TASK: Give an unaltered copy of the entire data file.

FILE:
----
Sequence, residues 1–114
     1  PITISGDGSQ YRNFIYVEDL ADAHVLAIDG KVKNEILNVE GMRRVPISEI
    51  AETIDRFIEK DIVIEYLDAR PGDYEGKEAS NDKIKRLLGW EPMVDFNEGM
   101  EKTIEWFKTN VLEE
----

Sequence, residues 1–114
     1  PITISGDGSQ YRNFIYVEDL ADAHVLAIDG KVKNEILNVE GMRRVPISEI
    51  AETIDRFIEK DIVIEYLDAR PGDYEGKEAS NDKIKRLLGW EPMVDFNEGM
   101  EKTIEWFKTN VLEE